Preservation of Estuaries by Tidal Inlets

by Mason G. Lockwood,
Henry P. Carothers,

Serial Information: Journal of the Waterways and Harbors Division, 1967, Vol. 93, Issue 4, Pg. 133-152

Document Type: Journal Paper


A basic proposition of the Texas Water Plan is to use gulf waters as much as possible to preserve bay and estuary environments, thereby minimizing needs for fresh water. The complex problems involved in the design and building of balanced tidal inlets to allow free inflow of adequate gulf water are reviewed from the standpoint of coastal engineering and tidal hydraulics. Environmental controls include use of inlets to both increase and decrease salinity, aid circulation and mixing of the waters, and provide sufficient tidal flushing to help the estuary assimilate treated return flows. Concepts of typical inlet design, including the sediment transport aspects, water and salinity balance, and tidal flushing process, are presented. Misuse of imbalanced inlets is demonstrated by extreme values of tractive force. The astonishing magnitude of value of these estuaries for recreation, and sport and commercial fishing clearly establishes the necessity to save these aspects of the bays and estuaries. Reason dictates that scientific use must be made of balanced tidal inlets along this coast.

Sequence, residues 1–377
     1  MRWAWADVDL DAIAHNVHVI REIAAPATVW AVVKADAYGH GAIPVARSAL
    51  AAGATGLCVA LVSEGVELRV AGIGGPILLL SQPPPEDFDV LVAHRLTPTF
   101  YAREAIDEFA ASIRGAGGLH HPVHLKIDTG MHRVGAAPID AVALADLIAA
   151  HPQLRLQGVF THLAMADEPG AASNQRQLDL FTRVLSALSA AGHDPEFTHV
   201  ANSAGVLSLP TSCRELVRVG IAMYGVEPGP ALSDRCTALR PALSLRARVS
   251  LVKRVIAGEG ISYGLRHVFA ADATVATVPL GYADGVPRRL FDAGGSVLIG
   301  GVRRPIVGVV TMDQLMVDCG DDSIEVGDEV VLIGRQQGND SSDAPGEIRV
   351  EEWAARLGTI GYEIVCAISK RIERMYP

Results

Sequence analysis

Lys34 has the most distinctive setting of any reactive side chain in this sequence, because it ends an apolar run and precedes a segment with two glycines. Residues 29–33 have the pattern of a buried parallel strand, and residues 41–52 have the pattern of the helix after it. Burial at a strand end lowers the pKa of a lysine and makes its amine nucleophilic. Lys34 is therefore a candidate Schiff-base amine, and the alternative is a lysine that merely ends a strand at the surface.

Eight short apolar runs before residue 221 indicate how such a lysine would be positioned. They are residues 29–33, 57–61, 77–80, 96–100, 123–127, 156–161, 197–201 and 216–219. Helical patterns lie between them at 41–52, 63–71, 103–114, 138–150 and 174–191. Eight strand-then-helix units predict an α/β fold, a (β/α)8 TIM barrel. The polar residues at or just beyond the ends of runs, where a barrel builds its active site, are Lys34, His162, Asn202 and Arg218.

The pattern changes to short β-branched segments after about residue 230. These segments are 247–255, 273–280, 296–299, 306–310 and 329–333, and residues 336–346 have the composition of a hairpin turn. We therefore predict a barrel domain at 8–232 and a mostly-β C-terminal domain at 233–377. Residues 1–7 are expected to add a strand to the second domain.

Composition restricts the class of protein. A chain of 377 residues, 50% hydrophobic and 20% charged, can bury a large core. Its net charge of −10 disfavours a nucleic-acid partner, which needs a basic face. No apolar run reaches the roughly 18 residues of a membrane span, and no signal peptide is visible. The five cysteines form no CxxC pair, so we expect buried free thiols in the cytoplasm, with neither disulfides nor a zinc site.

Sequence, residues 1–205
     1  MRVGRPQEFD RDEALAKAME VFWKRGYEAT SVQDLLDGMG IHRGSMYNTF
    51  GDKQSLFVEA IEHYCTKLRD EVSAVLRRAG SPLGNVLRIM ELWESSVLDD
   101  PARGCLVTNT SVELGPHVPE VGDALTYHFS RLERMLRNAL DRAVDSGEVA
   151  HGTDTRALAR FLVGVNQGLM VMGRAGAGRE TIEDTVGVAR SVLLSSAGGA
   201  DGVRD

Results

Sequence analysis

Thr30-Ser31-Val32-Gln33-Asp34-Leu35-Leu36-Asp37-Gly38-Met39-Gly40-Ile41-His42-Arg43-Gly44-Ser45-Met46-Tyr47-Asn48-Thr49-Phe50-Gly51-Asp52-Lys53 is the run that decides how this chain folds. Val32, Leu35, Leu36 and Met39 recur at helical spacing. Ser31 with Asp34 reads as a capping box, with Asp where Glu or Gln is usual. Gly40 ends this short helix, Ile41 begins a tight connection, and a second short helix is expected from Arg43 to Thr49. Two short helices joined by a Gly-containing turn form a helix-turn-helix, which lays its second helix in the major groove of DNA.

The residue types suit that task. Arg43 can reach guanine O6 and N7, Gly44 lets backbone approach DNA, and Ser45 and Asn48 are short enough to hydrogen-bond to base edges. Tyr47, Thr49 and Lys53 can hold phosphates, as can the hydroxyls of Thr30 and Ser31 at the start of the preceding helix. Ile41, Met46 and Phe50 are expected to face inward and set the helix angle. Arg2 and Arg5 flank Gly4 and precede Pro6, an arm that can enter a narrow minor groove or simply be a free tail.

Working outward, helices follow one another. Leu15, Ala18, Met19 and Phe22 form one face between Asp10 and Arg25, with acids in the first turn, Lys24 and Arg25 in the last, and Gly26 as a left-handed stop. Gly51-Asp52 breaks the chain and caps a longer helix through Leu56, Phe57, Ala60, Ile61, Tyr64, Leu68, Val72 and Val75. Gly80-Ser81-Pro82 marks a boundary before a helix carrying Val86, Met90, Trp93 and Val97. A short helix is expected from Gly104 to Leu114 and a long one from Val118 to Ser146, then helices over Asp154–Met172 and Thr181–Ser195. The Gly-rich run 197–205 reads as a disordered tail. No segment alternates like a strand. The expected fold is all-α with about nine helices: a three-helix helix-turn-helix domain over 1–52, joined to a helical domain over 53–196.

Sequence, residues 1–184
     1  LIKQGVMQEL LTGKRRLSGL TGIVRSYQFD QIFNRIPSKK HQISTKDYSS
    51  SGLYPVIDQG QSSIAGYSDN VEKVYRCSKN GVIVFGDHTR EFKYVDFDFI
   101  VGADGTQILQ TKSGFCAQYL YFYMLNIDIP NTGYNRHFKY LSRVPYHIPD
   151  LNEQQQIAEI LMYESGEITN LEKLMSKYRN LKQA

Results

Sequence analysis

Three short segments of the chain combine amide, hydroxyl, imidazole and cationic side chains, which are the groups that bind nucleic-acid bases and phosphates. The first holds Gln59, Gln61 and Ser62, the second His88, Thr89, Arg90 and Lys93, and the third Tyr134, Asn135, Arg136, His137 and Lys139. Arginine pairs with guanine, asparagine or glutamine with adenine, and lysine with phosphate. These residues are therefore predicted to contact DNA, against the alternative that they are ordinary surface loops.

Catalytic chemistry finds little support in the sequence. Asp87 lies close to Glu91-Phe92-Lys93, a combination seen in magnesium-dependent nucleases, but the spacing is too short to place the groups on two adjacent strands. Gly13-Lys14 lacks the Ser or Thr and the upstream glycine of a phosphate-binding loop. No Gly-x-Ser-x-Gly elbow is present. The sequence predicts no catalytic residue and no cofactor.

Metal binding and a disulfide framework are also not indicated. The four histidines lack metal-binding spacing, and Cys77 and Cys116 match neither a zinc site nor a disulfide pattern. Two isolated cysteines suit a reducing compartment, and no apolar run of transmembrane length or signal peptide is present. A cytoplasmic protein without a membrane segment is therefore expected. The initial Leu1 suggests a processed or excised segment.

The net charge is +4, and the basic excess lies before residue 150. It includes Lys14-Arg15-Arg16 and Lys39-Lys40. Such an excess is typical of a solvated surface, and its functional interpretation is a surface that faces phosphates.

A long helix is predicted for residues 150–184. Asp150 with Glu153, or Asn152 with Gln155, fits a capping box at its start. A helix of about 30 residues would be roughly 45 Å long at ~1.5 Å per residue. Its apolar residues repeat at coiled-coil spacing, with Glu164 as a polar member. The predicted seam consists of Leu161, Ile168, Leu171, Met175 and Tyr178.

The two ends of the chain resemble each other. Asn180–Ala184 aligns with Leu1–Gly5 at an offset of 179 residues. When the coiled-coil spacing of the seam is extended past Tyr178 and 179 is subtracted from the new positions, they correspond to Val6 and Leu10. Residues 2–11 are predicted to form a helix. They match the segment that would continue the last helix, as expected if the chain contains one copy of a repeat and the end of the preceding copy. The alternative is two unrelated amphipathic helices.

Subject Headings: Salt water | Fresh water | Water conservation | Estuaries | Tides | Inlets (waterway) | Gulfs | Bays | Texas | United States

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